Workers need to understand how they should use safety showers. It’s not a good idea to simply show them once during orientation and training and consider the job done. The actual process should be documented so that people can refer to it during things like immersion training, inductions and more. 

Some of the things your operating procedures should cover include instructions on the following: 

  • How to access the shower and eyewash station. 
  • How to activate the unit. 
  • Reminders to remove clothes and personal effects.
  • How the head and body should be positioned.
  • What flushing and treatment times are.
  •  How to correctly assist a co-worker.
  • Notifying coworkers and emergency services if needed.
  •  Correct clean up and waste disposal. 

Need Guidance?

It can be hard to get safety procedures right. If you’re worried about getting it wrong, Spill Station is here to help. A distributor of safety equipment, Spill Station are industry leaders in conducting training and performing audits of workplaces, to help you remain compliant with ease.

Get Robust Safety for Your Chemical Storage

Any company that stores or handles hazardous materials and liquids in Australia are required to keep their workers and the environment safe from any damage that could occur due to these materials. 

Chemical spill kits, sometimes known as Hazchem spill kits, give you all the tools you need to keep your workplace safe and compliant against spills in the workplace. But they aren’t a straightforward safety aspect to wrap your head around, so here’s how to get it right. 

What You Need To Know Before Buying

1. What Fluids Are on Site? 

The best spill kit for your unique needs is dependent on a few different factors, as outlined below. 

  • What liquids does your company work with?
  • How large have previous spills been?
  • Where are these liquids stored? 

These answers are necessary so you can understand which type of spill kit you need and its size as well as the location of the kit. 

2. Understand Your Legal Obligations 

It’s part of Australian law under the Australian Standards for workplace safety that you need to keep your workplace safe against spills. These standards point out the following:

  • You must correctly mark all hazardous chemicals.
  • You must keep records of all the hazardous chemicals on the premises.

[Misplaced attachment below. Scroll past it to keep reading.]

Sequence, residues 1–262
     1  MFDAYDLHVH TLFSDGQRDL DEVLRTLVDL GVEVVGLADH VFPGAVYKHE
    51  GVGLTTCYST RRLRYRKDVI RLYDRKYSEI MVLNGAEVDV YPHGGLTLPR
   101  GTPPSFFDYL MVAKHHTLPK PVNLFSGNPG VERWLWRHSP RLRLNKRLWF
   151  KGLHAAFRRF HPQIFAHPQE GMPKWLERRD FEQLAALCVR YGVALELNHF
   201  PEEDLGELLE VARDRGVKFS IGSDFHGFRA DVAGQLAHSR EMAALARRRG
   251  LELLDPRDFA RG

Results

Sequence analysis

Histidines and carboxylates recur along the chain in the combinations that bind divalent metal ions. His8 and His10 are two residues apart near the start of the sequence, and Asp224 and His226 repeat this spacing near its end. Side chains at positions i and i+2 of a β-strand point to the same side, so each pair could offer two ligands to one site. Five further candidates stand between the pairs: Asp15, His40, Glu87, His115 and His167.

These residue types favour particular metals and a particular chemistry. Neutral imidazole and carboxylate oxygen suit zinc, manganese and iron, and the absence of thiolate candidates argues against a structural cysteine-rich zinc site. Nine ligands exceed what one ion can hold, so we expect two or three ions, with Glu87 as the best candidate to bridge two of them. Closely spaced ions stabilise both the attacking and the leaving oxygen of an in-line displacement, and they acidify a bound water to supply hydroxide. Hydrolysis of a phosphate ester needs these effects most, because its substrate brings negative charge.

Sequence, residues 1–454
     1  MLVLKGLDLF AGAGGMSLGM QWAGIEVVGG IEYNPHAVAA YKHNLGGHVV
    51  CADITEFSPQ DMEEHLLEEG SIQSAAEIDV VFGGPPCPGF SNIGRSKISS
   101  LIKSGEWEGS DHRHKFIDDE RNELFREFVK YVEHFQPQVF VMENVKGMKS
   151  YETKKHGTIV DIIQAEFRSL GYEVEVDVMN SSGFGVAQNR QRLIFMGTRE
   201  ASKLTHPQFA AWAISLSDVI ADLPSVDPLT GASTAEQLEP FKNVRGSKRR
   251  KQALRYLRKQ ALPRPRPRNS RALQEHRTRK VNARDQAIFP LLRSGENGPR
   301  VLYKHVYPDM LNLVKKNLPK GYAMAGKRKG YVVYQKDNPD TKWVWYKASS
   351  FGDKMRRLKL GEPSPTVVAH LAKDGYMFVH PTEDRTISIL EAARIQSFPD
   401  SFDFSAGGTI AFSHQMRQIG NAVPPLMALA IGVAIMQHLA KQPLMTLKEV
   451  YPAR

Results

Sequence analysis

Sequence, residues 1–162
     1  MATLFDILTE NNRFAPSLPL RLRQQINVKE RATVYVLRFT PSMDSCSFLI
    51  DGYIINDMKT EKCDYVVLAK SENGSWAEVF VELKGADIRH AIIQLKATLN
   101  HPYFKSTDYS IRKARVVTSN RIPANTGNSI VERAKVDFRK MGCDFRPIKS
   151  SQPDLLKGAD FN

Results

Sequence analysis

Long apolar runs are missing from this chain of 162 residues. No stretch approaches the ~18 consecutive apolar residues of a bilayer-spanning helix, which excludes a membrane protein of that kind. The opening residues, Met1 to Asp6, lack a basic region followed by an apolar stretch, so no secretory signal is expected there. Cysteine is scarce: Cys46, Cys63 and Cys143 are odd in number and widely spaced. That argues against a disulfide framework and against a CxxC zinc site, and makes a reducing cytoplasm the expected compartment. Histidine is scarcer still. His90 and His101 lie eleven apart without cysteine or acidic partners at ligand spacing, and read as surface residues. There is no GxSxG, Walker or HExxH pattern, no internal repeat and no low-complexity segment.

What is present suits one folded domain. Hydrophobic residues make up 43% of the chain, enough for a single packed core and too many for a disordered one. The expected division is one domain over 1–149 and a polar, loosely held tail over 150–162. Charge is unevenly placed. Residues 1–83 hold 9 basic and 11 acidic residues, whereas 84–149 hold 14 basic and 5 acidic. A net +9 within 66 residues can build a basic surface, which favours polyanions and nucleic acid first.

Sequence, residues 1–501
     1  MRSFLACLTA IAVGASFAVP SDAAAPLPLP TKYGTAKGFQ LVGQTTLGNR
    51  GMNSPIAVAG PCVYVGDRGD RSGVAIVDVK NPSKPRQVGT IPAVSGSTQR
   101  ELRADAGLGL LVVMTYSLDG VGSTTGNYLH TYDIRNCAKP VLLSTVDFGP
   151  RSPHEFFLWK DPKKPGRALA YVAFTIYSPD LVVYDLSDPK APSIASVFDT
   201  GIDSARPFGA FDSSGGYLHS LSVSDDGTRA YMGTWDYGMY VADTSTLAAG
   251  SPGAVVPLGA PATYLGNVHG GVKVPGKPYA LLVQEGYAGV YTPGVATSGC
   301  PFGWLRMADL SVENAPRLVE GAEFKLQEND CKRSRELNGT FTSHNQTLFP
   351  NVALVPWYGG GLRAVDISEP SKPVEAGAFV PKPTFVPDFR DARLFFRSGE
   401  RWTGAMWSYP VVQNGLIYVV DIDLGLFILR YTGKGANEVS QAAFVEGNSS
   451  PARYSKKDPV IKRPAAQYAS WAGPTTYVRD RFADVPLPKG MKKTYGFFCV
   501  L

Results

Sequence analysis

• Provide safety related training and education to relevant employees.
  • Contain the risk of spills of chemicals.
  • Have a robust spill prevention plan, including appropriate solutions and personal protective equipment.

If you’re unable to remain compliant, you can face fines, penalties and loss of brand reputation.  

3. Consider Classifications

Before you consider a spill kit, you need to know the classifications of the chemicals to know which absorbent you need in your spill kit. Usually hazardous chemicals can be grouped into two classifications, which are:

  • Nonaggressive chemicals such as coolants and agricultural chemicals.
  • Aggressive chemicals such as strong acids/alkalis and chlorine, nitric acids and more. 

This is important as using the wrong absorbent in the case of a hazardous spill can lead to larger issues such as dangerous fumes and fire.

4. Know The Quantities 

You’ve got to make sure your spill kit is the right size to handle the biggest possible spill at your company. You can match this up by documenting the types of spills you could encounter and the largest quantities of liquids and try to keep it consistent with the spill kits you have. 

You should also endeavour to ensure your spill kits are well maintained, so they’re always ready to go, and this will take a maintenance routine to be added to your safety management plan. Many spill kit suppliers in Australia can help you understand your inspection and maintenance requirements if you need further support.

5. Choose The Right Supplier

When it comes time to order your spill kits, you should choose a distributor right here in Australia that can help you navigate the confusing world of workplace safety and provide support as needed. This is where Spill Station comes in, with their selection of the best chemical spill kits in Australia.

We’re Going to Answer Your Most Asked Questions About Bunding

If you’ve recently taken a look at your workplace’s safety measures and realised bunding may solve a lot of your spill containment needs, we don’t blame you. It’s a common choice among Australian businesses for a reason.

But getting started with a new safety measure can be daunting, so we have all the answers to your questions right here. 

How is A Bund Useful?